I've been reading your blog for sometime, but just now am commenting. Love this helps so much as I have been culling my wardrobe and perfecting it (well almost) to being usable, versatile and not huge. Your packing post was also very timely...I believe I will be able to get about two weeks of outfits into my carry-on!

    All the best, Stacy

  22. Thank you for sharing your thought process! I've been a lurker for a while, and have adopted your common core approach. I would LOVE for you to 'think out loud' about your process for finding and selecting accessories, most especially jewelry. I am over-whelmed at the jewelry counter.

    You have changed the way I dress and shop. You inspire me and I'm so grateful for your insight!


  23. Black & grey with colour and navy & grey with colour... this is MY wardrobe Janice! :-) Well, except for the argyle. And somewhat less stripey. But the inspiration, oh, the inspiration. I need to clear out my own wardrobe and lay it out like this. Thank you!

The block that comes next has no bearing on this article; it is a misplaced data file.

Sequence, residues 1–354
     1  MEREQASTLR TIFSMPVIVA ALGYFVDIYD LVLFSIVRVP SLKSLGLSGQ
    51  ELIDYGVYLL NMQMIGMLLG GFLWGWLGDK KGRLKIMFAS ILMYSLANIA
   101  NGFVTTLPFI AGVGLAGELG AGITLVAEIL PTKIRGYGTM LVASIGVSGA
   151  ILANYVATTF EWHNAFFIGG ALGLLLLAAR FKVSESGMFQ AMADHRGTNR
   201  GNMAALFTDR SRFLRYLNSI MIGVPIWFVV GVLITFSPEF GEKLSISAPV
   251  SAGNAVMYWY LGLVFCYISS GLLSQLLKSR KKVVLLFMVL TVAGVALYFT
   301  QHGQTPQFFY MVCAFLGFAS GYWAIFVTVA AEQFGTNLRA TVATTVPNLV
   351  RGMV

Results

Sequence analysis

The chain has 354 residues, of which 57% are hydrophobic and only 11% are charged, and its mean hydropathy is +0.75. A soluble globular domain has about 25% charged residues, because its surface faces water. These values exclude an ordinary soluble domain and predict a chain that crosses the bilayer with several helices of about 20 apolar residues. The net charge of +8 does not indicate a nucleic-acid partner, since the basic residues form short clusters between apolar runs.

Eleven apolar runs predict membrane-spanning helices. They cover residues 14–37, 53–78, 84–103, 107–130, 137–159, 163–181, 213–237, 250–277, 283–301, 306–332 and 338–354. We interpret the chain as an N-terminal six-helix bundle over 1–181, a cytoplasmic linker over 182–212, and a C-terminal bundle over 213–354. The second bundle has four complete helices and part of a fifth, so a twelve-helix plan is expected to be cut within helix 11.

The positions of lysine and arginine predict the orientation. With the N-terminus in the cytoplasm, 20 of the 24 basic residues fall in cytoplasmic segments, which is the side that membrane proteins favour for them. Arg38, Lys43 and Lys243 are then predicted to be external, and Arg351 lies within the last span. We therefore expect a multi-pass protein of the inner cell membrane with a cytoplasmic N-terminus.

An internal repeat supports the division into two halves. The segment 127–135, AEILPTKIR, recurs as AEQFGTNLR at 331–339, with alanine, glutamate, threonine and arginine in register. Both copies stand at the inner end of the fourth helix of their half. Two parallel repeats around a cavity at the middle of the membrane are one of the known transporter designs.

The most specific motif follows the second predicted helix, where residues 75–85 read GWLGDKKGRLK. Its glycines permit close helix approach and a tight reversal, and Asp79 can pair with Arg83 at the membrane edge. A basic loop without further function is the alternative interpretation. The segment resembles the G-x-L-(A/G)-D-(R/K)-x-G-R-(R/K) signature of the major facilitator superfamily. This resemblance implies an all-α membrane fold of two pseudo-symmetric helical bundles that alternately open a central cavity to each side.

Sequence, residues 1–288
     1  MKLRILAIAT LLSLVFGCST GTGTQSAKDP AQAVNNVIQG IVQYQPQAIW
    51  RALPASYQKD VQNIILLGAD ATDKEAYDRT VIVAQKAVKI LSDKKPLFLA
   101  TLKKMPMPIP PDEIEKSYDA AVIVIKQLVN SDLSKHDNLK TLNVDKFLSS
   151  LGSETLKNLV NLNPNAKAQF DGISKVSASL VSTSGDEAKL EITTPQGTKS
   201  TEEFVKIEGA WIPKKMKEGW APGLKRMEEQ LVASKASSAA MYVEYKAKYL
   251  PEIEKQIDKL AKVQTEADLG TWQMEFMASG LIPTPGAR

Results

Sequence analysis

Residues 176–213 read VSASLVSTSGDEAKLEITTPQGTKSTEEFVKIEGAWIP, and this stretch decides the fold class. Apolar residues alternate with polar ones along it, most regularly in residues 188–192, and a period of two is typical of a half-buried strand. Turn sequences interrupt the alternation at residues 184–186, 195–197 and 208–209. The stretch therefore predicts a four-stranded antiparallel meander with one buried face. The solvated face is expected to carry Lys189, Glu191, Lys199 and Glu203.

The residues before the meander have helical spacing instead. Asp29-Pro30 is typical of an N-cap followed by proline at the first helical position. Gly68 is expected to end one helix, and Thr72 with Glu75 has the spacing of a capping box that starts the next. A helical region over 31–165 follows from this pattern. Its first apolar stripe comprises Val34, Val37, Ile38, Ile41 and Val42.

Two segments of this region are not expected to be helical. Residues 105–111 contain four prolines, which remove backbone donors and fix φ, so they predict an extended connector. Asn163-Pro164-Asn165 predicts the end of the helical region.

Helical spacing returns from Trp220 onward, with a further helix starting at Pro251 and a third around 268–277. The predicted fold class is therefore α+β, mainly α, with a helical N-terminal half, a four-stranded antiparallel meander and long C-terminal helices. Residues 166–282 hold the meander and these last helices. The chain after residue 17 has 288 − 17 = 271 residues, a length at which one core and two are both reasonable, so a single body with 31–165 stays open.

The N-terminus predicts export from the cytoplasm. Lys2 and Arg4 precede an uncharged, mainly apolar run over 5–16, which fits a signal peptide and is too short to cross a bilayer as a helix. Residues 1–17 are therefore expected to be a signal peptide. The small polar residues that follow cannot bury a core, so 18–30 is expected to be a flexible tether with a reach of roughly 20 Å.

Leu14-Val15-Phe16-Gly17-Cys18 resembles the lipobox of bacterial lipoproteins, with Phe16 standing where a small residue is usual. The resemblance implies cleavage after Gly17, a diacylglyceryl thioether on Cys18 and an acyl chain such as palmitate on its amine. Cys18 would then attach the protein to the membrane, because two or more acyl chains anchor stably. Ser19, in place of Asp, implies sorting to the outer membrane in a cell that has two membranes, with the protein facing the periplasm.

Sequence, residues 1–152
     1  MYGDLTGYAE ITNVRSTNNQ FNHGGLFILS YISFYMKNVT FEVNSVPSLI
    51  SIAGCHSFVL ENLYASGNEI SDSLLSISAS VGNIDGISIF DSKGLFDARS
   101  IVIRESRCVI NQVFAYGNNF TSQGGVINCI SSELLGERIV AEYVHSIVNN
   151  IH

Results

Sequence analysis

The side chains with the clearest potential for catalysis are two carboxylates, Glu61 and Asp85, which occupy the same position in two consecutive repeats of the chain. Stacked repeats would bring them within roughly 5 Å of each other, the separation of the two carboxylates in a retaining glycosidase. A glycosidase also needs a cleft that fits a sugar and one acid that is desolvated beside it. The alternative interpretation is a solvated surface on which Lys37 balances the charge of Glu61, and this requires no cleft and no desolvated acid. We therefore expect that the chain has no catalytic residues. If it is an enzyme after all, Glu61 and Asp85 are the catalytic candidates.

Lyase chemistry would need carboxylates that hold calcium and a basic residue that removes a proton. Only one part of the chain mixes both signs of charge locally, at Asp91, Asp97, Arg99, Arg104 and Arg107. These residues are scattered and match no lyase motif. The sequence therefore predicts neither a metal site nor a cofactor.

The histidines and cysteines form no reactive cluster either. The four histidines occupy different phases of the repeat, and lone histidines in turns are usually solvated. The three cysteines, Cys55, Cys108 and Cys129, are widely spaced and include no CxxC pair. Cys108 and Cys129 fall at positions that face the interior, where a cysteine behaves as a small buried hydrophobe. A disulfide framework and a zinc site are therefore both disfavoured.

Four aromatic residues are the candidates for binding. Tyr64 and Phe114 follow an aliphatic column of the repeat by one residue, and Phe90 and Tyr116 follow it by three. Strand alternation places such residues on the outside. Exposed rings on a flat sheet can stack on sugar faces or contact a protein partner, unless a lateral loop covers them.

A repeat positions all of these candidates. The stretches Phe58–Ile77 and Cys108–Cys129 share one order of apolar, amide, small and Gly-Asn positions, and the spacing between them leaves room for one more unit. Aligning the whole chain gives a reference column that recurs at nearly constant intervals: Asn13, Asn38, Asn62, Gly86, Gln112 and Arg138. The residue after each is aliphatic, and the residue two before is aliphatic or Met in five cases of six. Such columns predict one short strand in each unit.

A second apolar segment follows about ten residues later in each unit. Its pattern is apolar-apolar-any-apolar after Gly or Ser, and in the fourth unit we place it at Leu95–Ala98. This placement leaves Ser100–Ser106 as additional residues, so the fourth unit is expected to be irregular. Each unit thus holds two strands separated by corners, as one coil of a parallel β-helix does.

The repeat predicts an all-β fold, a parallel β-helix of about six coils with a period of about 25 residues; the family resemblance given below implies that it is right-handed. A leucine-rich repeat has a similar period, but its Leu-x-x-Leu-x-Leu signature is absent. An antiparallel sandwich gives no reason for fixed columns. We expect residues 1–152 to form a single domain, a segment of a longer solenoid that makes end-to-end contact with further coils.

24. Dear Janice,
    you are such an inspiration!!! You have helped me so much to organise my closet, could you please please please show us also how to combine these specific 33 items so to make different looks? This was always my biggest problem - no any sense of style unfortunately ...
    Niki from Greece

  25. Dear Janice,
    A picture does say a thousand words! I absolutely love your Project 333 Step by Step panels. You have made order out of chaos and enabled us to be creative in the process! Please keep up the good work, I can't wait for your Spring/Summer Project 333!
    New to the Site
    Virginia USA

  26. I really like your blog. I find your clothing style very elegant and modern. I also like the fact that you choose to have a lot of black coloured clothes as its my personal favourite colour, it really suits me and I can easily match it with everything else that I wear. Thank you for sharing this.